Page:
UF Researchers Report Nerve Tissue Transplant Recipient Is Stable
GAINESVILLE—A North Florida man who was the nation’s first person to undergo an experimental nerve tissue transplant to slow the progression of spinal cord damage remains stable 3 « months after the operation, say University of Florida researchers who performed the procedure.
The 43-year-old man received the transplant July 11 at Shands hospital at UF.
UF physicians announced the results Saturday at the National Neurotrauma Symposium, held in New Orleans in conjunction with the annual Society for Neuroscience meeting. On Wednesday, they discharged a second patient, a 50-year-old Central Florida man paralyzed after a motorcycle accident. The man, who underwent the procedure Oct. 10, will continue to recuperate in a rehabilitation hospital.
The experimental treatment involved injecting small pieces of human embryonic spinal cord cells directly into an expanding cavity — also known as a cyst — that sometimes forms at the site of a specific type of spinal cord injury. The condition can cause unbearable pain and progressive loss of sensation and movement.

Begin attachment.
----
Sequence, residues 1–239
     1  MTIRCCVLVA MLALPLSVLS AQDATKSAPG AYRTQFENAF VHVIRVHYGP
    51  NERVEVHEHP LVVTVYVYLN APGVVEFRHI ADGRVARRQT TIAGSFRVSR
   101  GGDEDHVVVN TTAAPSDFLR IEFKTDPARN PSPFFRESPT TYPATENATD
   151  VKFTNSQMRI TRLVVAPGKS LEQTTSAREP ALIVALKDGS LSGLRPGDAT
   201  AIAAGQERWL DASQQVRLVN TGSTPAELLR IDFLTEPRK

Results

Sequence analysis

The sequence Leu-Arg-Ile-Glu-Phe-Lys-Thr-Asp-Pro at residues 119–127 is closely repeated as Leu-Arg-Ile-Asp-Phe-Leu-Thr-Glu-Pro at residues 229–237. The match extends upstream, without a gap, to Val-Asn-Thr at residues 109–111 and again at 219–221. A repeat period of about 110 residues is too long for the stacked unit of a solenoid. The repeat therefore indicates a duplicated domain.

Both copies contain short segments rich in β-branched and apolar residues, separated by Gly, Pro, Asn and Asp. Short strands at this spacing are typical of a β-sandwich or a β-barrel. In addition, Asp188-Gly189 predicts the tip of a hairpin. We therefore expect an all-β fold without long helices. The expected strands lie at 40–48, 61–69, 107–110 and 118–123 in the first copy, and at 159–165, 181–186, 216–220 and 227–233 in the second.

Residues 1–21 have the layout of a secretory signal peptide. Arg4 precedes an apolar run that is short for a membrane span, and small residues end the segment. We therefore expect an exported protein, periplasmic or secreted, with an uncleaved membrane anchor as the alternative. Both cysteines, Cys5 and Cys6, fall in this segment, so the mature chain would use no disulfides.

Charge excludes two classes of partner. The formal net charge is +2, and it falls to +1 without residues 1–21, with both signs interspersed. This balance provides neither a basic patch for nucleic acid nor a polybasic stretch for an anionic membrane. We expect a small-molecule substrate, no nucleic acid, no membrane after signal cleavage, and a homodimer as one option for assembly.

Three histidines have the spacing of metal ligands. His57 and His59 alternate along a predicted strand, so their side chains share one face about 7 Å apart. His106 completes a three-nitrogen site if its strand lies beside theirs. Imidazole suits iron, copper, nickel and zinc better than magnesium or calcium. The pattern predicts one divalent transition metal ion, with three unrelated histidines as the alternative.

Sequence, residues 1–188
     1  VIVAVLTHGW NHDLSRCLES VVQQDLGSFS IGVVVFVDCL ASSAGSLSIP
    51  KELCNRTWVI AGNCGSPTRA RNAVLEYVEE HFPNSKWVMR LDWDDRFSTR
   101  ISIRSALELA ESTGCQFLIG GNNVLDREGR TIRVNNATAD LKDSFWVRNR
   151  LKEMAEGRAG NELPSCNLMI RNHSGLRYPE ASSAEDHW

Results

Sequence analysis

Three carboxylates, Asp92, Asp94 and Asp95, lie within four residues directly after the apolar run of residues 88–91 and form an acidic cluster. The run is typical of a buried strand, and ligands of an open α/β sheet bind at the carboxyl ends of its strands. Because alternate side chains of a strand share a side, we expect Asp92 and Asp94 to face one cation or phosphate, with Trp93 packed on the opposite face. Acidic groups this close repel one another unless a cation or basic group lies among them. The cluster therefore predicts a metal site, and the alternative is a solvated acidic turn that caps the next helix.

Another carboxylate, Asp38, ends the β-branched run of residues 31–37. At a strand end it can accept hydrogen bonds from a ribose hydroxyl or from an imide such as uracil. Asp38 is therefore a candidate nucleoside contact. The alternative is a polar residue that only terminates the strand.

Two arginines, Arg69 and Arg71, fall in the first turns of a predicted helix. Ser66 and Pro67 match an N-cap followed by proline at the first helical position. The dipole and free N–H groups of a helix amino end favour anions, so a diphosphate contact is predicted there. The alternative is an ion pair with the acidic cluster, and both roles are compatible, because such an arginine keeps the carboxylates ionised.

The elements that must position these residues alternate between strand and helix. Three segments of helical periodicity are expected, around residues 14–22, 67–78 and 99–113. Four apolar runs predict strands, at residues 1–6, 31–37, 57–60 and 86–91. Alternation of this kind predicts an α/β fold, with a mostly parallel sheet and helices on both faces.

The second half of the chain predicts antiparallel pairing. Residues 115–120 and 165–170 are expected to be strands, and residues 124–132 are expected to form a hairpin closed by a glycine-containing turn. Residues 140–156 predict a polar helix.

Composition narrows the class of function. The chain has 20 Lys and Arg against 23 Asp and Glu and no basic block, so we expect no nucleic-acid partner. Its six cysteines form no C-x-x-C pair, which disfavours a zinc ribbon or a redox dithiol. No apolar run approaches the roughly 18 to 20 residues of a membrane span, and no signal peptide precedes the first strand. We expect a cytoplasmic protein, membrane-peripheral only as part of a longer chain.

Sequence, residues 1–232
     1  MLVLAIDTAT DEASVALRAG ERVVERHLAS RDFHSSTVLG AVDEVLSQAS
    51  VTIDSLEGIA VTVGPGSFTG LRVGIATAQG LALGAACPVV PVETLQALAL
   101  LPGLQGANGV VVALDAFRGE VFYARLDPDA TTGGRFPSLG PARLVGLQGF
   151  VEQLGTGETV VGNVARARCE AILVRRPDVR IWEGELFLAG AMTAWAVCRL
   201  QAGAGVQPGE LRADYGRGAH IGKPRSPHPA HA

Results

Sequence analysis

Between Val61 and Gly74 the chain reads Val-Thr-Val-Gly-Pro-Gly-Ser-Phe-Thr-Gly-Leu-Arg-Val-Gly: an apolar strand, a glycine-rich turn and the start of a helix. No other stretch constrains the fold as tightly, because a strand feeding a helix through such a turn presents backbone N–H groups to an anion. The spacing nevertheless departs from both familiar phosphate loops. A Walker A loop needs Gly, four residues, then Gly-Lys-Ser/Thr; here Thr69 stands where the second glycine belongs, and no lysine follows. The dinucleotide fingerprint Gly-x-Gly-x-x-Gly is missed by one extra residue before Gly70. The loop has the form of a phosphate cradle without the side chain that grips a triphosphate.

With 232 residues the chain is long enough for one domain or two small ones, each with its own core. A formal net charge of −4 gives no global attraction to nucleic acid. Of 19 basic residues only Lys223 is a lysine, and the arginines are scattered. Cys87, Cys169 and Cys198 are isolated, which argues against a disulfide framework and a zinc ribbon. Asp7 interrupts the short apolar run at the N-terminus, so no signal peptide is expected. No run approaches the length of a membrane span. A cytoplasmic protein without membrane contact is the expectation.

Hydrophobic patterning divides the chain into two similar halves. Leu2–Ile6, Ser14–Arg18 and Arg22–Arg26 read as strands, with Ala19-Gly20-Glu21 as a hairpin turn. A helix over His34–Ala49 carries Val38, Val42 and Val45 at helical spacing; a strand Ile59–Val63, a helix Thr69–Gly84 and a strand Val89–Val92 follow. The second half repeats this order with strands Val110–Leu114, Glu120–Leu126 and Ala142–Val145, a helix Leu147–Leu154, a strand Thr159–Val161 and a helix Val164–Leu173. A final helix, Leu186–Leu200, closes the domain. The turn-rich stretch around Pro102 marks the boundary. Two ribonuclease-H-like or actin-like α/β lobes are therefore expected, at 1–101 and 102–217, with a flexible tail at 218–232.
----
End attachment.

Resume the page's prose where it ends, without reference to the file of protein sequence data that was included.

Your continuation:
The cells were taken from aborted tissue, 6 to 9 weeks old, which otherwise would have been discarded. The tissue was obtained from health-care facilities not affiliated with the university.
“This is very early in our evaluation stage,” said UF neurosurgeon Richard Fessler, who performed the transplants. “Our first patient’s cyst was very complicated; it was walled off into many small compartments. The areas in which we did not transplant look the same, but the areas in which we did transplant the cyst did not recur, so we’re very encouraged by that.”
Fessler and his colleagues at the UF Brain Institute performed the procedures to test the safety and feasibility of the grafts, which in landmark laboratory studies have helped injured cats regain some use of their paralyzed limbs.